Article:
The Mate 20 Pro’s face unlock feature also works well, and recognised my face more often than not — even with a hood over my hair and with or deprived of my glasses on. Like Apple’s Face ID, it scans your face in 3D, which grants an extra depth of complexity and means it can’t be fooled into unlocking by showing it a 2D portray of your own face. (Yes, I tried.) 

Andrew Hoyle

You can’t use it yet to authorise payments but, nor could I use it to log into my bank, both of which I can do humorous the fingerprint scanner. It’s likely that individual services will need to enable the face unlock to work for authentication — much like with Apple’s Face ID. I’ve requested Huawei to confirm whether it’s working with banks and new services to allow face unlock to work, but the commercial has yet to respond. At the moment then, it’s best to see the face scanner as a convenient way to unlock the named and nothing more.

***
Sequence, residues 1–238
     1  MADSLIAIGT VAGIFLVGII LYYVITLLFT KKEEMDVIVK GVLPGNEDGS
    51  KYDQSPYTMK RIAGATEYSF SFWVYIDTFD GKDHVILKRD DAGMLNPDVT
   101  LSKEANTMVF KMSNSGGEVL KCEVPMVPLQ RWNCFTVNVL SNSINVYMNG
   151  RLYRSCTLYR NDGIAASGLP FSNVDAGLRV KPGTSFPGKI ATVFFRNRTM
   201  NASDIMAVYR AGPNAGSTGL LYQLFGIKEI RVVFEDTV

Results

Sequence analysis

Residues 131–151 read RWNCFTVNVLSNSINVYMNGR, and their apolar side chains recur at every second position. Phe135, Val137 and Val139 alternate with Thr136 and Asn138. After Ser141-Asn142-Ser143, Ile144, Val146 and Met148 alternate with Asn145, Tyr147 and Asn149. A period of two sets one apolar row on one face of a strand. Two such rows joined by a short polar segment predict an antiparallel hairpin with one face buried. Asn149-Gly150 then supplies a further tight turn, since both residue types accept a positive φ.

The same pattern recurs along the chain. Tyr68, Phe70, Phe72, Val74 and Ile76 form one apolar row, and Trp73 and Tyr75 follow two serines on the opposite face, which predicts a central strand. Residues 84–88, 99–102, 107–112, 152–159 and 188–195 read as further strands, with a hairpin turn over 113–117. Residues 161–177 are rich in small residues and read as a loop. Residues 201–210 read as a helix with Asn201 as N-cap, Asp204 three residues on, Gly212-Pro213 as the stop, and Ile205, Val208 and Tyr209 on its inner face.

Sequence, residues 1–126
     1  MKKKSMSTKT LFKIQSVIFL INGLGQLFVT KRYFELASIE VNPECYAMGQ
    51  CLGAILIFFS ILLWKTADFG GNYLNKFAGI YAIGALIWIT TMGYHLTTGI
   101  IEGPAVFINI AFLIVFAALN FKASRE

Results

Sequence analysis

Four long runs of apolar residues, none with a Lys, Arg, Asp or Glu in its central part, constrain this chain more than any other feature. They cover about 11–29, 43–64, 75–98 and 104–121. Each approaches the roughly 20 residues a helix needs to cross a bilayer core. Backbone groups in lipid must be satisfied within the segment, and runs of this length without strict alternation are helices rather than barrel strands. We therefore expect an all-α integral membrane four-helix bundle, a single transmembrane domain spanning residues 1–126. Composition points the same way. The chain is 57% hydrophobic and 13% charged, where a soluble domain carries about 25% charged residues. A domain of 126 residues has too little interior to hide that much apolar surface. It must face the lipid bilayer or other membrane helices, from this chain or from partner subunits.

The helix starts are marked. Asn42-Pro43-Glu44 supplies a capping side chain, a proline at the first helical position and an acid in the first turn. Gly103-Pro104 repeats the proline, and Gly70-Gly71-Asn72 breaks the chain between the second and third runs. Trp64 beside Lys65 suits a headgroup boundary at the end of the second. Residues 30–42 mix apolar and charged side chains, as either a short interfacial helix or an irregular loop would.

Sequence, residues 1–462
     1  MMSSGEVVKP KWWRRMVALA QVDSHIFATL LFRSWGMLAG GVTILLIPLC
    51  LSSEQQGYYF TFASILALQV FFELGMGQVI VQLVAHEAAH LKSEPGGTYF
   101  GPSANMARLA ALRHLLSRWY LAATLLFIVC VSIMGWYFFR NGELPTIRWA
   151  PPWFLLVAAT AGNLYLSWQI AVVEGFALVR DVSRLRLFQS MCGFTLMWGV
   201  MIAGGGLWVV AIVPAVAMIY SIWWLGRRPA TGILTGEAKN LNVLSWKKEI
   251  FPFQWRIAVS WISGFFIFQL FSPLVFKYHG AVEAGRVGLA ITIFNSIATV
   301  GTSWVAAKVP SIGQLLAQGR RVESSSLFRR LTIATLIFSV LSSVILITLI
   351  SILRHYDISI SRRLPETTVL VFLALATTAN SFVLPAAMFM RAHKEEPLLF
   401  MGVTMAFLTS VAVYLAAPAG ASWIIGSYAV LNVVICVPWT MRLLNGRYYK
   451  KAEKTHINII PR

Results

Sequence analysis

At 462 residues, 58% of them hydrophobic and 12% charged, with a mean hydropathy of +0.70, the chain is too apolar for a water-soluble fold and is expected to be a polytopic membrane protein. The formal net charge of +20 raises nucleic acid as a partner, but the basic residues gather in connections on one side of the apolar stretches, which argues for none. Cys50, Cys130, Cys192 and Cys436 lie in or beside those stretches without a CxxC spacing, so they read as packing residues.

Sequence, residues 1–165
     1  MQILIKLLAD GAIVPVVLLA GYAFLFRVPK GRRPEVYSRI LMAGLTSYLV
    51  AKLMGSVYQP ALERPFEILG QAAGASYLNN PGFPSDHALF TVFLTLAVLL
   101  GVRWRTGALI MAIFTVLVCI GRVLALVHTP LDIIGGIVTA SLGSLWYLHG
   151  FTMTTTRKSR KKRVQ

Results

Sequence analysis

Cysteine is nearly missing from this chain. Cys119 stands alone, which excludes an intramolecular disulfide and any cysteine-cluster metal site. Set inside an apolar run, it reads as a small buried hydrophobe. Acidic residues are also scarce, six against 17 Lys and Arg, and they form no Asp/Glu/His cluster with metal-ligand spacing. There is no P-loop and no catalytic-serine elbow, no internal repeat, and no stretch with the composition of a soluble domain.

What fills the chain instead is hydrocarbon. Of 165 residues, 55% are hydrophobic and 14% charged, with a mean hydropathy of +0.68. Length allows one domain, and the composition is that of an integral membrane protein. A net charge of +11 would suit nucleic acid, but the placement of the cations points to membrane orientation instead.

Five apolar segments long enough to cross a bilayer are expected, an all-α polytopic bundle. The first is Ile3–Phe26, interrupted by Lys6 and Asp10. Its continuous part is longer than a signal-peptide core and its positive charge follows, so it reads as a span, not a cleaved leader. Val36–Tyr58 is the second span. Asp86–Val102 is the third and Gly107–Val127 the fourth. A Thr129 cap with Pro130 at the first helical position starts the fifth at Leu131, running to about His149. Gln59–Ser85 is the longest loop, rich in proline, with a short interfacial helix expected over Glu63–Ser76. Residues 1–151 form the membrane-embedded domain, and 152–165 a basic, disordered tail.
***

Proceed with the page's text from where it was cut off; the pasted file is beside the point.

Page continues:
But there’s more in the “quirky new features” category. The Mate 20 is the first phone we’ve seen with two-way wireless charging, effectively turning the phone into a power bank for new device. Switch the function on, and you can attach another phone onto the back of the Mate 20 Pro and that named will draw power as if you’d placed it on any wireless charging pad.